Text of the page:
Pacific Inc, trading as Le Va, is an organisation with charitable status governed by a board of trustees from culturally diverse backgrounds with extensive experience across the youth, health and social sectors.
Chair Te Pou board
Julie has an extensive background in the development of community based solutions.
Julie’s experience at a governance level has seen her hold multiple appointments as a director or chair across both the public and private sector. In addition she has worked on numerous national committees.
Dr Francis Agnew
Consultant psychiatrist/service clinical director, Pacific Islands Mental Health and Alcohol & Drug Services, Waitemata and Auckland DHBs
Francis is a New Zealand-born Cook Islander, who grew up in Porirua, near Wellington. He attended Victoria University and graduated with an MSc (Hons) majoring in zoology. He spent six years living in the UK and Africa before returning to New Zealand to study medicine, and has worked in the mental health sector for more than 20 years as a clinician.
Francis wants to convey both clinical and Pacific Islands perspectives to the deliberations of the Pacific Inc board.
Dr Mary English
Dr Mary English is a general practitioner who lives in Wellington, where she works in and manages her own practice. She is of Samoan descent.
Mary was a founding member of the Pasifika Medical Association and has previously run school clinics in a Porirua secondary school as well as providing mentoring for young Pacific Island students.
Mary is a current member of the Wellington Accident and Urgent Medical Centre and a past board member of the National Society on Alcohol and Drug Dependence.
Broadcasting Commission board member
Caren is a proud Cook Islands Maori, whose families hail from the islands of Rakahanga, Manihiki, Rarotonga and Aitutaki. Caren is an experienced governance practitioner, having chosen to apply her professional, community and cultural skills and experience to a range of governance roles to ensure that a Pacific voice is heard at decision-making tables.
She is currently the Deputy Chair board for the Arts Council of New Zealand and the Eastern & Central Community Trust, and is a board member of the Charities Registration Board, Pacific Homecare Services and the Pacific Co-operation Broadcasting Ltd. She is also the independent Chair of the Audit and Risk Committee for the Broadcasting Commission (New Zealand on Air).
Along with this governance experience, Caren brings her qualifications as a chartered accountant and auditor to the Pacific Inc. board table, as well as experience running her own consulting company, specialising in facilitation and organisational development.
Caren is passionate about leadership development, particularly in our Pacific communities. She has facilitated the Ministry of Pacific Island Affairs Pacific senior managers leadership development programme and contributed to Le Va’s Le Tautua emerging leaders programme. She has also undertaken the Global Women breakthrough leaders programme to further develop her own leadership, and is an alumni of the inaugural Emerging Pacific Leaders Dialogue.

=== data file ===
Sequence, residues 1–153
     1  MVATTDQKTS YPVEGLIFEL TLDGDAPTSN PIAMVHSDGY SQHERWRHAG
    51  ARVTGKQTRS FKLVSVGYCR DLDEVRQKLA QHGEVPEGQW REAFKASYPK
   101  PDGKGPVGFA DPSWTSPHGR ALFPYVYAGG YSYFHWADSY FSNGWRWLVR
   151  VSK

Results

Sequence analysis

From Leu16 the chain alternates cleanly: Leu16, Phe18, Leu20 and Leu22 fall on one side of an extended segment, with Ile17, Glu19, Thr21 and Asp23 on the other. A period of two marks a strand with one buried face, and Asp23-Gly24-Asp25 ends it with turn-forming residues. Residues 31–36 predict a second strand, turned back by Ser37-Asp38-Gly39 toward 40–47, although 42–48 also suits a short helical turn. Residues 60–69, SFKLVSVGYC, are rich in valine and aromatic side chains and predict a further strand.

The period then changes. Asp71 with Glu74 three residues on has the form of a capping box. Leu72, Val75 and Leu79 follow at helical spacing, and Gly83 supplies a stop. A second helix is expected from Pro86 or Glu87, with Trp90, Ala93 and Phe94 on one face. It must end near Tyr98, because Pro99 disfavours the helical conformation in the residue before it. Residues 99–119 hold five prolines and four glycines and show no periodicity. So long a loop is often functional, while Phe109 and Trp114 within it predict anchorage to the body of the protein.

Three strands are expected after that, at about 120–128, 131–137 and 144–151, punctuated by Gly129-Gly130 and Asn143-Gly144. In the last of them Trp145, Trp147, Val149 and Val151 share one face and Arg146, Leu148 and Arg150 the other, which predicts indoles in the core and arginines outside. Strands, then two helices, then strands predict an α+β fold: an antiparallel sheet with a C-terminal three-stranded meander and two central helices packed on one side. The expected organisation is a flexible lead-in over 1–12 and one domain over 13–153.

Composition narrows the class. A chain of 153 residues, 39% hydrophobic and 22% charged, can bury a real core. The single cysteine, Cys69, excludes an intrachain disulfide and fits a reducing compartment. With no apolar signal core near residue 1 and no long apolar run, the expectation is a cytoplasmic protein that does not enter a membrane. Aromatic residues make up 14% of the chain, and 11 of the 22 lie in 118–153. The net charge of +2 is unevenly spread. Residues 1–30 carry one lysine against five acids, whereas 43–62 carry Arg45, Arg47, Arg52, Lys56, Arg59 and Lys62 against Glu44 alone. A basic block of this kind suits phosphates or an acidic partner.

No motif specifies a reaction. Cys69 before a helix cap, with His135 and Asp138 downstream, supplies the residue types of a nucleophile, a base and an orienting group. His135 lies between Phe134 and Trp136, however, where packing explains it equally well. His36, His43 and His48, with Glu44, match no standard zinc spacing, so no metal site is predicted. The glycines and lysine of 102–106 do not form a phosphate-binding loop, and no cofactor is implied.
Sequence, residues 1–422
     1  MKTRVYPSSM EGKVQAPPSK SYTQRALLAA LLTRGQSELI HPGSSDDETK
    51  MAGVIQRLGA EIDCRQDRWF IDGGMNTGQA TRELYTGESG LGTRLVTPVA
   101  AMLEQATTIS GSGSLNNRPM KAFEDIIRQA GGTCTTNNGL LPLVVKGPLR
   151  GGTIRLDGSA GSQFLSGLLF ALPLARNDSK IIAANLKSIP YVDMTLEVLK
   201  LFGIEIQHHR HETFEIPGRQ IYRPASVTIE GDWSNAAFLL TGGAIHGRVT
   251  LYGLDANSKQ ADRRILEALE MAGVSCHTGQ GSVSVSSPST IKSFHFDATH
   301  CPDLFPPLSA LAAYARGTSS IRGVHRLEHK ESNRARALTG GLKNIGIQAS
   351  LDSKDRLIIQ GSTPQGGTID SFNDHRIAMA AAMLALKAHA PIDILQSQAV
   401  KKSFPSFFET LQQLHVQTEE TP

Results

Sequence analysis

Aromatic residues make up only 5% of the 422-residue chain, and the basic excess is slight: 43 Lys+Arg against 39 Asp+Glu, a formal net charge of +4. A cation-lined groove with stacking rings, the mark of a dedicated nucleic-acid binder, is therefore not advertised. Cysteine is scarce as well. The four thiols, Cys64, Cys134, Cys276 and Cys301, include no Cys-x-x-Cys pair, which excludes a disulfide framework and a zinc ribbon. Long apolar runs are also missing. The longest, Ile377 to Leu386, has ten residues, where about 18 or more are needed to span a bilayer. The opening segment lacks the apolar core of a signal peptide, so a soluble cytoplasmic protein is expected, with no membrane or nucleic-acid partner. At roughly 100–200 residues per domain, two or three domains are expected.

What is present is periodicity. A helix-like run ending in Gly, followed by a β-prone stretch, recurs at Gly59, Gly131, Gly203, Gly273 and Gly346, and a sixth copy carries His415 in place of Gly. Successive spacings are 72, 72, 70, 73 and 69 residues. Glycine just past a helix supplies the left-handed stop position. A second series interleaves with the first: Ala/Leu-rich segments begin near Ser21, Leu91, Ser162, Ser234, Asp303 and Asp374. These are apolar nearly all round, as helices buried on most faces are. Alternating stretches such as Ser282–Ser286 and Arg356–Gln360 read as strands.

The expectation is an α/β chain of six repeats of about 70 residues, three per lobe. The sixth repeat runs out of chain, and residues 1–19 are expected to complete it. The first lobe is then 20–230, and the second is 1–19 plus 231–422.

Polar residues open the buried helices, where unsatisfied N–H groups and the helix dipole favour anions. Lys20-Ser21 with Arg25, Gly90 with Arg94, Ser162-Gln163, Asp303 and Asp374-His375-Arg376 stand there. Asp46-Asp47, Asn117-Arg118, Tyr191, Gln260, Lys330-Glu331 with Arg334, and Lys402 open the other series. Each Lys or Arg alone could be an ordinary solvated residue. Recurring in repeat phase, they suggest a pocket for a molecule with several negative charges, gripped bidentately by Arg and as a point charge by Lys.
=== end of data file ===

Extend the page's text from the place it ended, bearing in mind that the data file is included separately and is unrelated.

Chair, Pacific Youth Leadership and Transformation Charitable Trust (PYLAT)
Josiah is a New Zealand born Samoan who grew up in Christchurch and Dunedin. At 14 he was the Prime Minister in the Pacific Youth Leadership and Transformation Parliamentary Simulation (2010). Through this experience he learned how important it is for young people to be able to access mentoring, and that being able to contribute to decision-making at all levels is an important way to support development, success and the potential to thrive.
A year into his leadership journey, the Canterbury Earthquakes struck, and PYLAT worked with other young people to support the recovery and rebuild. PYLAT has and continues to advocate for Pasifika young people to participate in and be supported to engage in our democracy as well as working to alleviate barriers to social inclusion. In 2013 Josiah took on the role of Chairperson. Since then PYLAT has become a Charitable Trust having a more cemented presence in Christchurch and is growing to have national influence.
Josiah sits on a number of boards to support Pasifika youth engagement and youth participation but also for young people more widely. He also studies Political Science and History at the University of Canterbury.
Chief executive officer, Waikato Bay of Plenty Cancer Society
Shelley Campbell is currently the CEO of Waikato Bay of Plenty Cancer Society and is responsible for implementing its leadership development and environmental programmes throughout the country. Prior to taking up her role in 2010, Shelley was overseeing the Better Sooner More Convenient health business cases for the Minister of Health’s reforms in Auckland. She is a former chief executive of Waikato Primary Health that provided health services to 315,000 people across the central North Island.
Shelley is a member of Cancer Council NZ and chaired the Minister’s National Bowel Cancer Screening Taskforce. She was a member of the New Zealand delegation to the World Health Assembly in 2008 and has examined health systems in Canada and the UK.
In 2007 Shelley was awarded a Sir Peter Blake emerging leader award and was the first person of Maori descent to ever win the award.